GOV. POLIS: 10 years later, DACA is making Colorado, nation, better place for everyone

A protester holds a sign at a rally at Metropolitan State University in Denver in  2017 after former President Donald Trump attempted to repeal a program protecting young immigrants from deportation. Gov. Jared Polis and others are trying to push Congress into making the Obama DACA program permanent. (AP File Photo/Tatiana Flowers)

Here in Colorado, we know that our differences are what make us even better – and that extends to our vibrant and diverse immigrant communities including Aurora. Simply put, our immigrant communities enrich our state, invigorate our culture and cuisine, and contribute millions to our economy

There’s a reason that I ran for Governor with an emphasis on creating a “Colorado for All.” This means ensuring that every person in our state has the opportunity to thrive here, whether they arrived one year ago, ten years ago, or their family has been here for generations. And since I took office, we have spent everyday working to make that vision a reality for the people of Colorado.

As a member of Congress, I was proud to support the Deferred Action for Childhood Arrivals program (DACA) when it was first created 10 years ago by President Obama, and now as Governor, I’m incredibly proud to see the effect it has had here in Colorado and meet so many Coloradans who benefit from it.

This program, which allows those who were brought to the United States as children to work legally, has changed countless lives, and benefited us all. There are more than 14,000 DACA recipients here in Colorado with a spending power of nearly $400 Million dollars – and estimates show that their removal from our state would not only rob them of the only country they know, but also cost more than $800 Million from our annual GDP. Not to mention the incredible talent, creativity, and innovation that our state would lose.

Take Mario Bravo for example. Mario came to the United States with his family when he was eight months old, and has spent his life in Grand Junction. With DACA protections, Mario has been inspired to follow his passion for software engineering, which led him to start the first chapter of Hispanic Engineers at Colorado Mesa University. After graduation, Mario took a job at Apple, but hopes to one day start his own business here in Colorado.

Then there’s Adriana Montiel. Adriana has lived in Colorado for 24 years, and always dreamed of becoming a teacher, but it seemed out of reach until DACA was passed during her sophomore year of high school. Those protections opened the door to Adriana getting her degree and fulfilling her dream. Now, Adriana works with gifted and emerging bilingual students at the very same Aurora high school that she graduated from.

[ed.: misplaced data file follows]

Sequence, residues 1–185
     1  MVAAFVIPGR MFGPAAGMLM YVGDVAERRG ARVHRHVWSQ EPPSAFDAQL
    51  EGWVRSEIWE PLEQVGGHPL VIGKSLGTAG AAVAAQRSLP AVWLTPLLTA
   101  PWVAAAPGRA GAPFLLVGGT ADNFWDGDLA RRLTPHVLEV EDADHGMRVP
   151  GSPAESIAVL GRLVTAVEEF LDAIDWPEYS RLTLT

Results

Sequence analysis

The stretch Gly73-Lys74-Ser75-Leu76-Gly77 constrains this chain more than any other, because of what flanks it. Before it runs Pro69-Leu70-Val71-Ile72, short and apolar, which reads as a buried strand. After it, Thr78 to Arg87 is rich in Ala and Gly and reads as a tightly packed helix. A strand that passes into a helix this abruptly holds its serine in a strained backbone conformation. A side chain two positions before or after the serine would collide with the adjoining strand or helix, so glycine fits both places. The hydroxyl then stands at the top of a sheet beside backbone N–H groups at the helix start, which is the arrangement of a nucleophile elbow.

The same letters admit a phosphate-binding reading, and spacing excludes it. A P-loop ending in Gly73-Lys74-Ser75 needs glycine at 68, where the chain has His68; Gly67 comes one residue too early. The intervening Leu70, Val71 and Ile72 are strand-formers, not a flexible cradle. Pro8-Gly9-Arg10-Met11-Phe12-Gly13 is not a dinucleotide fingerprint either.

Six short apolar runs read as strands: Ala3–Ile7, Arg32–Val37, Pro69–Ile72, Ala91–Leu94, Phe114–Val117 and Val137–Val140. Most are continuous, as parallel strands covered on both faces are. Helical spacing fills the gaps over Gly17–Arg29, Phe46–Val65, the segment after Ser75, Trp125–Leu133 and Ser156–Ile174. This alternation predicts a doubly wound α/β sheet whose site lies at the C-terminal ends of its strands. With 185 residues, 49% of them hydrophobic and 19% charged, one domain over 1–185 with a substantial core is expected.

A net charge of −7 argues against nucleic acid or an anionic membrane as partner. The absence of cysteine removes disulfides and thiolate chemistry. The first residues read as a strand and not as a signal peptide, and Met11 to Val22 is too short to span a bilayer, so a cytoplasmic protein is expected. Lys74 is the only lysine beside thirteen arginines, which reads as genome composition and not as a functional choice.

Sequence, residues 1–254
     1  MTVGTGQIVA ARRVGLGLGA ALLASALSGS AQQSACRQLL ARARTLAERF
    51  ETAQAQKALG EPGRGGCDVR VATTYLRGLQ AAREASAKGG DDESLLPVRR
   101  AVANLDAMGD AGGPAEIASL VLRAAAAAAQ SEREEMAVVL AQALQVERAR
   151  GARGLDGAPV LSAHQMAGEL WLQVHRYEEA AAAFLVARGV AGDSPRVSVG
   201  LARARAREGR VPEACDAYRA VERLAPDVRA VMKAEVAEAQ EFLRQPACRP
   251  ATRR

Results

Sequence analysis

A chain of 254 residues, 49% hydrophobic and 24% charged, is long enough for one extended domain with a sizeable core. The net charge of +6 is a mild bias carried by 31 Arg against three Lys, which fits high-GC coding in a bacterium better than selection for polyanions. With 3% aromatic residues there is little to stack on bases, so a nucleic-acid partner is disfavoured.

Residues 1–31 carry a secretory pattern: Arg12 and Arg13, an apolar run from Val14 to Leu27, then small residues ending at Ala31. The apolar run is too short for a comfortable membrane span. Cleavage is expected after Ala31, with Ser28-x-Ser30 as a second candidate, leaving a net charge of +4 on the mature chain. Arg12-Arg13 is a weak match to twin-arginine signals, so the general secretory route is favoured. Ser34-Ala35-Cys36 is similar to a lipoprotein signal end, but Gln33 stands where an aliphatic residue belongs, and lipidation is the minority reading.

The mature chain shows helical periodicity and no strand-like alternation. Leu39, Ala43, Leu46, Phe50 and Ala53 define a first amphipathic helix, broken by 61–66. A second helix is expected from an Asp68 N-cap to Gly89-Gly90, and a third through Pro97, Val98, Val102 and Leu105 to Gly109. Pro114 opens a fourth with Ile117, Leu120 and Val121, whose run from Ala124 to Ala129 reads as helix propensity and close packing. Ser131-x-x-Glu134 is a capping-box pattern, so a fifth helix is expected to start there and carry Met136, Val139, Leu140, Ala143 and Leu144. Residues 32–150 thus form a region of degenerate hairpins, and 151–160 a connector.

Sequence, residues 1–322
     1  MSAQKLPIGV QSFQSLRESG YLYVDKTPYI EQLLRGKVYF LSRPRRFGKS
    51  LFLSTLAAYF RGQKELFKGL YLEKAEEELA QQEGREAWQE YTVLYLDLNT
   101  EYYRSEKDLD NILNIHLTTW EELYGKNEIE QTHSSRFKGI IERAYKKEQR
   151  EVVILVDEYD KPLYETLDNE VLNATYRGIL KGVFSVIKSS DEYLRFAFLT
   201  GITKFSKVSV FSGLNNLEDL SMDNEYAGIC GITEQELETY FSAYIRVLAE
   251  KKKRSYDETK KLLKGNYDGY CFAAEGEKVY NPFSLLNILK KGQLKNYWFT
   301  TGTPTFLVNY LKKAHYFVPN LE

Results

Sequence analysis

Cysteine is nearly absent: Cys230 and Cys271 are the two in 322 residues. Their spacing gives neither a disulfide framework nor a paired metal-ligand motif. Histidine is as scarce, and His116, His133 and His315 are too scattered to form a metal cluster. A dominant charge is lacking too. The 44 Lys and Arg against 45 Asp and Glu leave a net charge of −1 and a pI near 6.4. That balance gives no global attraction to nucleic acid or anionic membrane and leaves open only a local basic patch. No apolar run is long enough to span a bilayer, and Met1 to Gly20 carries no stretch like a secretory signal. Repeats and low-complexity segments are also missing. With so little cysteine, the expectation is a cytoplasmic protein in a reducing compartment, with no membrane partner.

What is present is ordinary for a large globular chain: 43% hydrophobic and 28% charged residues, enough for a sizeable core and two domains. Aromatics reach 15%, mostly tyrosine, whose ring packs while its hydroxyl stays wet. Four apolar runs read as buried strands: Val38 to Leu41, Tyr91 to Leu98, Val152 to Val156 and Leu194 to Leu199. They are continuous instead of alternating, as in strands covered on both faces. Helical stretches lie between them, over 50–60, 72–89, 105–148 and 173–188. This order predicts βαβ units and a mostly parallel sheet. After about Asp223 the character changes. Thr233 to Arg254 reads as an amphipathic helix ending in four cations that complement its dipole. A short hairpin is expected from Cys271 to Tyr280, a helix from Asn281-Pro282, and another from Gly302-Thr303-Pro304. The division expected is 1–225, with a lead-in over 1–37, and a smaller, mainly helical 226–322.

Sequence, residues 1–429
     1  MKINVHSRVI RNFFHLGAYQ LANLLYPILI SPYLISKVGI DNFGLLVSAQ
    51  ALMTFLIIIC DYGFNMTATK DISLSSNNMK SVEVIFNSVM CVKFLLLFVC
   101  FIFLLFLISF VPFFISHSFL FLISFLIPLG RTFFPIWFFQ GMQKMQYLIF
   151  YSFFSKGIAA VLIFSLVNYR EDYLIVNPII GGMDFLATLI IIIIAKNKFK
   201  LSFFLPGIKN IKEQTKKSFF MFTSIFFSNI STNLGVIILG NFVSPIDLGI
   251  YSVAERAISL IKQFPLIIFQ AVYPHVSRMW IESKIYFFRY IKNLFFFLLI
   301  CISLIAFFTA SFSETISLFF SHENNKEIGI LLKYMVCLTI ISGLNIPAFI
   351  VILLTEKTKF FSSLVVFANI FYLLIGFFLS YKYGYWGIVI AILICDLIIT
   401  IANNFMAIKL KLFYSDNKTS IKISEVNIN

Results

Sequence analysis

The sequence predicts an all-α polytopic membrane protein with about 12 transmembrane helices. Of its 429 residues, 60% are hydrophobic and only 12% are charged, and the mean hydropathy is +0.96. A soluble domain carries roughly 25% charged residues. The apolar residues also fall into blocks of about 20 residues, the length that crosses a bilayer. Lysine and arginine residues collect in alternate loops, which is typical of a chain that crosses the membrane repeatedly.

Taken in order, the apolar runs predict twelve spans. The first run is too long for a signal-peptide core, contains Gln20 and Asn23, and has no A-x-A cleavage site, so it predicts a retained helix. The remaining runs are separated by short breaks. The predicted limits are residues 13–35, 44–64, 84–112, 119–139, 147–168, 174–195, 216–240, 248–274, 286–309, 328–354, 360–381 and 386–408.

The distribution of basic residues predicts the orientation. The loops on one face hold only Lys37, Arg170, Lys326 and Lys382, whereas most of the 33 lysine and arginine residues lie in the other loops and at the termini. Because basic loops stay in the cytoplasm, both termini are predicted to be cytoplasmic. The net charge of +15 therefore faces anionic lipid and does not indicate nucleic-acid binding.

Alejandra Webster is an acute care nurse, but the path to get there wasn’t easy. Alejandra worked hard as a certified nursing assistant, but it wasn’t until she became a DACA recipient, that Alejandra was able to consider college as a possibility. Alejandra secured her Bachelor’s in the Science of Nursing from Metropolitan State University of Denver, and thanks to SB 21-077, which allows immigrants to pursue professional licensing, Alejandra was able to get her nursing license. Since then, she has served in COVID-19 units and been on the frontline of the COVID-19 pandemic and a critical member of the healthcare workforce.

These are not just DACA recipients, these are Coloradans. They are our friends and neighbors, family members and coworkers, and they deserve to be here as much as anyone else.

DACA has brought so many benefits to our state, but the work isn’t over. Not only is DACA being challenged in federal court, but federal immigration reform efforts tragically remain stalled. If this were an easy issue to solve, then it would’ve been done already, but it’s well past time for the federal government to take action and create a common-sense immigration system that protects our borders, restores the rule of law, and  works for the United States and the families that are proud to call Colorado home.

But President Biden can do more to help fix our broken immigration system even without Congress.  The President should move forward with the Deferred Action for Parents program, which would allow the parents of U.S. Citizens to have temporary legal work permits.. This actions would of course benefit the millions of immigrants whose futures are uncertain because of our chaotic system, but it would also benefit our economy and our communities if we do it right.

As we celebrate the historic anniversary of DACA, as well as Immigrant Heritage Month, we should celebrate how far we’ve come while not forgetting the important work that lies ahead.

Democrat Gov. Jared Polis is in his first term as Colorado governor.

 

 

 

 

 

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DENNIS DUFFY
DENNIS DUFFY
1 month ago

All in all I like our Governor, he seems to have heart might not be right place but I think he cares.